JPMorgan Should Not Have To Pay For The Sins Of Bear Stearns And Washington Mutual
Why should JP Morgan pay for crimes it did not commit itself? After all, these lousy securities were not sold by JPM to the housing authorities. They could properly argue they were not aware of all the troubles they were assuming in the bailouts of these two troubled firms.
To my way of thinking JP Morgan should pony up whatever losses the bank caused for FNMA and Freddie Mac for the mortgage securities its own employees put together and flogged for prices that were not going to stand up in the meltdown. That would be a fair assumption of guilt to make good on.
Overkill is not called for here. Yes, the regulators are late on the curve for going after the big banks for their sins. The government has looked bad spending hundreds of billions to save Wall Street in order for the banks to show extraordinary profits, while the middle class was getting squeezed and unemployment was really 14%.
Playing catch up appears to have infected some regulators with the revenge factor. That’s understandable. The public have been waiting 4 long years for retribution against Wall Street. As the biggest target, JP Morgan must pay a whopping fine for falsely reporting the loss on the “London whale” trades made with the bank’s own money. This is fair and square. After all, it underscores the finding that the risky, highly leveraged proprietary trading by too-big-to-fail banks is a real danger to the system. Rogue traders with access to a vast pool of money and poorly supervised can indeed cause mayhem. Dimon had no effective risk control system and no 24 hour a day 7 days a week scrutiny of all the bank’s positions. More than sloppy. Pay up Jamie.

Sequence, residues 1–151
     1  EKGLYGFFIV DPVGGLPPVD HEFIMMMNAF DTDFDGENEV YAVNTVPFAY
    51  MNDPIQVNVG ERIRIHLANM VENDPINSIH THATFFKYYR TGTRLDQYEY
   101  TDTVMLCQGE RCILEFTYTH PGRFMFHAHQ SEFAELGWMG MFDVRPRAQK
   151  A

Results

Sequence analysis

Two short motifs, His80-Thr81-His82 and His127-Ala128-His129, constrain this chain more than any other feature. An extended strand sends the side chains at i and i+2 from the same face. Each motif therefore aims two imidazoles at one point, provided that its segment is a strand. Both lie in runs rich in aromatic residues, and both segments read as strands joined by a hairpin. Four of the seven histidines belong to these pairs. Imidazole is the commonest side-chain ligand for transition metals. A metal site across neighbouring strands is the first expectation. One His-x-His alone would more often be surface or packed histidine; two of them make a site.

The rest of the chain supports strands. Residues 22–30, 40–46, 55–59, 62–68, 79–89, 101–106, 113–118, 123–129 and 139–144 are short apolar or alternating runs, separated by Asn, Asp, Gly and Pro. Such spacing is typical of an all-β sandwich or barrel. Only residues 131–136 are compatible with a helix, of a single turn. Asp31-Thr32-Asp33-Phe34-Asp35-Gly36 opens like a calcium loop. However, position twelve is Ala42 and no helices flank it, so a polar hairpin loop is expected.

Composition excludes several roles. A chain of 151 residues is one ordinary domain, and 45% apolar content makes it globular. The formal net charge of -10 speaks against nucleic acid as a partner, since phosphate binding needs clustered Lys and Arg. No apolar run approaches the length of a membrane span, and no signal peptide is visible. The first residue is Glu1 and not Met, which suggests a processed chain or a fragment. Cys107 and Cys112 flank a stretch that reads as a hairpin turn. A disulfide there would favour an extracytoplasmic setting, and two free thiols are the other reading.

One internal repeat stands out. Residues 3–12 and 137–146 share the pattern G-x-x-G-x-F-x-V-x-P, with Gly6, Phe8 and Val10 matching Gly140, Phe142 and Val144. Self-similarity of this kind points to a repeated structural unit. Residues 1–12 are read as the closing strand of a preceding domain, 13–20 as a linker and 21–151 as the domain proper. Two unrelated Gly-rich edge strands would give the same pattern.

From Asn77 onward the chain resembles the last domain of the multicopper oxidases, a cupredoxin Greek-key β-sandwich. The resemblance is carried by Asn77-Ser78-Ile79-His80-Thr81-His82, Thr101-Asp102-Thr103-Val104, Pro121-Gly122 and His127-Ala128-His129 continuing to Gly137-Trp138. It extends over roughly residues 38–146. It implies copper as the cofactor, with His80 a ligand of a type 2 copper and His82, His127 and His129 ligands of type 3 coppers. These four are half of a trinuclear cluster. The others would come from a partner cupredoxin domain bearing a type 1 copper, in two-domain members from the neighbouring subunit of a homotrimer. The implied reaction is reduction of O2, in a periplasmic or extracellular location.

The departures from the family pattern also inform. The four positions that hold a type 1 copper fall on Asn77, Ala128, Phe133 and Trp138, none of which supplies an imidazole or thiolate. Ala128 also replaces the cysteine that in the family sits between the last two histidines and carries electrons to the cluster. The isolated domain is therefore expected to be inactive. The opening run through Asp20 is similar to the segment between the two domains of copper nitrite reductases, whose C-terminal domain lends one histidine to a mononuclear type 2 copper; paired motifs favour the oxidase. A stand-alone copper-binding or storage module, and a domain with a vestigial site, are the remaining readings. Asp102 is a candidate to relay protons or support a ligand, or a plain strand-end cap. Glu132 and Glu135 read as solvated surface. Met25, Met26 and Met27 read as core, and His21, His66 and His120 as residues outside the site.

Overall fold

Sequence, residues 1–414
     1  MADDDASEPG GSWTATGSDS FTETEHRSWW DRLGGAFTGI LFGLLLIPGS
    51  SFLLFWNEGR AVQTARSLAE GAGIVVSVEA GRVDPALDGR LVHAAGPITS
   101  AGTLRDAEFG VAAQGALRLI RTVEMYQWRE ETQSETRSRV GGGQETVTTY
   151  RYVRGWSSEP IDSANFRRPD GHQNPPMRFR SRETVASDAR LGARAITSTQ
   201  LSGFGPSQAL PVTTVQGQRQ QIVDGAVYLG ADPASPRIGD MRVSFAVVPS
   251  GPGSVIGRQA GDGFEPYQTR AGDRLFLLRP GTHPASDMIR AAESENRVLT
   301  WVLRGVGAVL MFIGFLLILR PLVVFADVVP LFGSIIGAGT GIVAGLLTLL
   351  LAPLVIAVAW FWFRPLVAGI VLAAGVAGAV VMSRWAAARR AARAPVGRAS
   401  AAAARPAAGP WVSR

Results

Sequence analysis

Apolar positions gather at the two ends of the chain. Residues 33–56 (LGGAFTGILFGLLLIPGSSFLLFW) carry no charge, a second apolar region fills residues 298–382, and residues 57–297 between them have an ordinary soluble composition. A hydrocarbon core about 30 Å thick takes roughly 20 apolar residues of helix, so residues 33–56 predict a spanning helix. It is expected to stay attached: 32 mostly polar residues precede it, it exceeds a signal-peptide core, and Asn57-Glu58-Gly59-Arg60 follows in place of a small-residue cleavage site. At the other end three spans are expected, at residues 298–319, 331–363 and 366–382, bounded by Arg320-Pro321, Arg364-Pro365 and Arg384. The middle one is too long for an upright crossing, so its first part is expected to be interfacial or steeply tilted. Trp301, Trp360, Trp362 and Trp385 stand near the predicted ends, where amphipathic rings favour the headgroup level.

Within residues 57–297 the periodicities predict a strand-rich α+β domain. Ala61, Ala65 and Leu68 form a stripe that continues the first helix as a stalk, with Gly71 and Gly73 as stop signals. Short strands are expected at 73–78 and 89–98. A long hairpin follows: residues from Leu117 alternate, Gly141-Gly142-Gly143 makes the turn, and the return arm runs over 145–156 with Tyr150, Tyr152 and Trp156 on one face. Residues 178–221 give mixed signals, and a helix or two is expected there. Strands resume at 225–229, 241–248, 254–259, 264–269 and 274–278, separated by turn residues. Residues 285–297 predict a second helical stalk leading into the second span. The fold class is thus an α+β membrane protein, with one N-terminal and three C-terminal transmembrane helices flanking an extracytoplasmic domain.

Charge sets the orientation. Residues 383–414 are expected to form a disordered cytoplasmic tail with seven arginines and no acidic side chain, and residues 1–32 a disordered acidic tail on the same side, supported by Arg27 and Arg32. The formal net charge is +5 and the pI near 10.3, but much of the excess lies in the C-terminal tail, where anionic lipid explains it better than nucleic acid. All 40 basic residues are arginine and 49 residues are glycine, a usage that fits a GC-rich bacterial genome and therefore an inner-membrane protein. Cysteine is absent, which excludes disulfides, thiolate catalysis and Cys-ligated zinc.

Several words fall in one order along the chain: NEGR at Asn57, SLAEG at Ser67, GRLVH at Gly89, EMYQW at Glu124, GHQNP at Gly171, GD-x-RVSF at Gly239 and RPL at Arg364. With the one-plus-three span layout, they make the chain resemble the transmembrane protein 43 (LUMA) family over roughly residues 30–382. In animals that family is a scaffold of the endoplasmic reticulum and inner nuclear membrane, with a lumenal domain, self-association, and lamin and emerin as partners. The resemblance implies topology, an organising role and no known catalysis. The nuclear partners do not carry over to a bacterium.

The government appears to be in overkill mode as the public has been braying for blood from the too-big-to fail banks they helped survive with transfusions of hundreds of billions of bailout money. This is understandable in the sense of the revengeful feelings of the middle class and the people who are out of work and out of home.
The baring of JP Morgan’s errors and omissions and false reporting of the losses from the huge illiquid trades in London do require a meaningfully huge financial penance. The invulnerability of boss Jamie Dimon has put him in a very unfavorable spotlight. The government should demand retribution for the crimes committed by The House of Morgan, not two mediocre financial institutions picked up on the cheap when the world was falling apart.